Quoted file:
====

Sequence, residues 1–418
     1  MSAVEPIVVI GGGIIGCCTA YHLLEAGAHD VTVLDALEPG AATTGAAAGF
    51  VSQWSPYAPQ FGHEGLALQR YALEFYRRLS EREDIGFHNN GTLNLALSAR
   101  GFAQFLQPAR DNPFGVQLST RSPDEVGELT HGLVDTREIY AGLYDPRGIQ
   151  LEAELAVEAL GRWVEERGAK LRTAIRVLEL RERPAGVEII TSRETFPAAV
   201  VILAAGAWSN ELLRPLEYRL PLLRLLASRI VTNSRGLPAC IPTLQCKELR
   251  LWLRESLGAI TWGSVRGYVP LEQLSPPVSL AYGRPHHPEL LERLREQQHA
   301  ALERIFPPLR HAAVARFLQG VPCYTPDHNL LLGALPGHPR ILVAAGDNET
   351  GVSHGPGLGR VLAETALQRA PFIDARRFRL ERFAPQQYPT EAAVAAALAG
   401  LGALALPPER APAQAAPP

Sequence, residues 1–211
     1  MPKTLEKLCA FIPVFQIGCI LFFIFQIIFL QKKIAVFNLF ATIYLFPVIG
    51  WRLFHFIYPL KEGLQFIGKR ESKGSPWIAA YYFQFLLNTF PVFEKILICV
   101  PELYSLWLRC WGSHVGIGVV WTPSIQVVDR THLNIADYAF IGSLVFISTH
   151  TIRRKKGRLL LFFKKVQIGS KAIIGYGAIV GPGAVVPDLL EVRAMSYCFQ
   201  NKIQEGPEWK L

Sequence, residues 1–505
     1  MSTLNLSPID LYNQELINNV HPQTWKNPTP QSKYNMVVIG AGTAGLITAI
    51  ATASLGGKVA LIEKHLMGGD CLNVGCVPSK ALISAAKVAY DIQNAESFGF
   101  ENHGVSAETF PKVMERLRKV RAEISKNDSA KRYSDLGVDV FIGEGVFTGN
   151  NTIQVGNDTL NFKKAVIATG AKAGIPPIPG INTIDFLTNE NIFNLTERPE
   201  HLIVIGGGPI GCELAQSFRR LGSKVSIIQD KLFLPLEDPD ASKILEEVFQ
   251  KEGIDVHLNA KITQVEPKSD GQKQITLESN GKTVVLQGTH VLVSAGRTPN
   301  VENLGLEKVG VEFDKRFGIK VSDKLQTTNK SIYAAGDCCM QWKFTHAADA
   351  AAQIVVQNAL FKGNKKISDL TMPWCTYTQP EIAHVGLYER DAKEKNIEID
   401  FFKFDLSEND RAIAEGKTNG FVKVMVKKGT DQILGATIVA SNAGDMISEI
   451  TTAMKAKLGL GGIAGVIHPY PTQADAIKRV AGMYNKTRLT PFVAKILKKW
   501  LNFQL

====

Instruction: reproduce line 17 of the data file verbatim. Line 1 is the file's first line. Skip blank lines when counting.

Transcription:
Sequence, residues 1–505